In addition, Stacey talked with passion about the programs to advance women at Accenture, especially the Diversity Council. "Diversity Council membership includes representation of our most senior male and female executives who have key leadership positions within the business. They play important roles in succession planning and sponsoring women to be groomed for leadership positions and ensuring they have the opportunity to advance. I have been here for 18 years, and I personally observe the investment of time and energy that goes into creating an inclusive culture that works for women."

All this was enough to convince me that there is genuine openness and encouragement for women's advancement at Accenture.

And so .....

I changed this post from what have been a rather critical post to one which highlights the value of stakeholder engagement. Here are my five insights:

Number Uno: As stakeholders, take the time to give feedback and ask questions.
Had I not fed back my observations to Accenture, I would have written an overly critical piece. Knowing what I do now, this would have been unjustified. I like being critical :), but I prefer to be fair.

Numero Two: As corporations, listen and be responsive to stakeholders.
My conversation with Accenture provided them with some value. Through my feedback, they were able to gain some new perspectives about how to present their performance in the Corporate Citizenship Report and a couple of insights into aspects of diversity management.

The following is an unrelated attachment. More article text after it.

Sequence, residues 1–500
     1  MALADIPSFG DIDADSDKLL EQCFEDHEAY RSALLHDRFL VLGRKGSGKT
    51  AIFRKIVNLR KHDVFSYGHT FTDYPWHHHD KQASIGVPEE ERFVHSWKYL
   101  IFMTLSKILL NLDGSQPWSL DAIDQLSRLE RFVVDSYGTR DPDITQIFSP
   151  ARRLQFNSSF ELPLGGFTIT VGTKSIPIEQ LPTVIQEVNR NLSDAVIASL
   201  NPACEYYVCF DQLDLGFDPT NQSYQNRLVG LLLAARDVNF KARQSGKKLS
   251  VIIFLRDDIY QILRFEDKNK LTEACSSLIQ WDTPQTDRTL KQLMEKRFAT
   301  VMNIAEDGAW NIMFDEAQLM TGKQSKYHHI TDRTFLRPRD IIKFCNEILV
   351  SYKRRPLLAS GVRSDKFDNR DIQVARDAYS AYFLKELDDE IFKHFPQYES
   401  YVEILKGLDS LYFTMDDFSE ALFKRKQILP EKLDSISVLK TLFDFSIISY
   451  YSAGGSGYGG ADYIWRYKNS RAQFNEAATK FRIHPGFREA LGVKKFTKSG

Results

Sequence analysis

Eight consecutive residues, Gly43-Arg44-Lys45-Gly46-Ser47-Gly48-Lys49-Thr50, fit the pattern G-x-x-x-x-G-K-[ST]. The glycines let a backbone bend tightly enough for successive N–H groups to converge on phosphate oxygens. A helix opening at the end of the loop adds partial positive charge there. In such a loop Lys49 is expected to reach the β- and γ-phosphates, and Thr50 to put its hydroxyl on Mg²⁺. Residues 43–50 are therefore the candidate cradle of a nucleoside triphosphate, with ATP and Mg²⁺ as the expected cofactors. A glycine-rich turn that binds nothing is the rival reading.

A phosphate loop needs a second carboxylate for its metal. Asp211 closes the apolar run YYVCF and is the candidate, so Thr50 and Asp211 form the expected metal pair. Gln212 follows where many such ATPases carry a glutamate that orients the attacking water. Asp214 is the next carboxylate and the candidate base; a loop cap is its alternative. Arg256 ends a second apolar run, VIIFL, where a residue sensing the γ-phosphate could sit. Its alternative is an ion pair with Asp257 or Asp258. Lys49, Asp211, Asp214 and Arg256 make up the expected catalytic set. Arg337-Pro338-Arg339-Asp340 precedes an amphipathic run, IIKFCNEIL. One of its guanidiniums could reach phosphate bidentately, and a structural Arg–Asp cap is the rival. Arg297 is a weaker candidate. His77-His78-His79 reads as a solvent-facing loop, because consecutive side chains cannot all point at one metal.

Number Trois: Things are not always what they seem.
It's always worth checking the facts and hearing the other side of the story. It's easy to jump to conclusions, and be judgmental, especially when the numbers seem straightforward. But just asking a simple question led to a great conversation and a much fuller understanding of the situation on my part. It's easy to be critical of companies. It's less easy to take the time and consider a more balanced view. 

Nombre Four: Transparency builds trust.
This is the whole point of Sustainability Reporting. Transparency opens you up to scrutiny. It exposes you to criticism and external interventions. As a result, I now have a much higher level of trust in Accenture's reporting, and corporate integrity, and Accenture has avoided what might have been some rather unpleasant publicity, and has gained new insights about their reporting.

Nummer Cinq: Make sure your Sustainability Report has an accessible contact point.
If the whole point of Sustainability Reporting is to engage stakeholders, make sure you publish an accessible contact point. It's so frustrating when you send an email and it ends up in a black hole. Accenture's timely and friendly response is a best practice example of stakeholder engagement and deserves a CSR Reporting Blog Double Cone Award.

The End.

elaine cohen, CSR consultant, Sustainability Reporter, HR Professional, Ice Cream Addict. Author of CSR for HR: A necessary partnership for advancing responsible business practices  Contact me via on Twitter or via my business website  (Beyond Business, an inspired CSR consulting and Sustainability Reporting firm)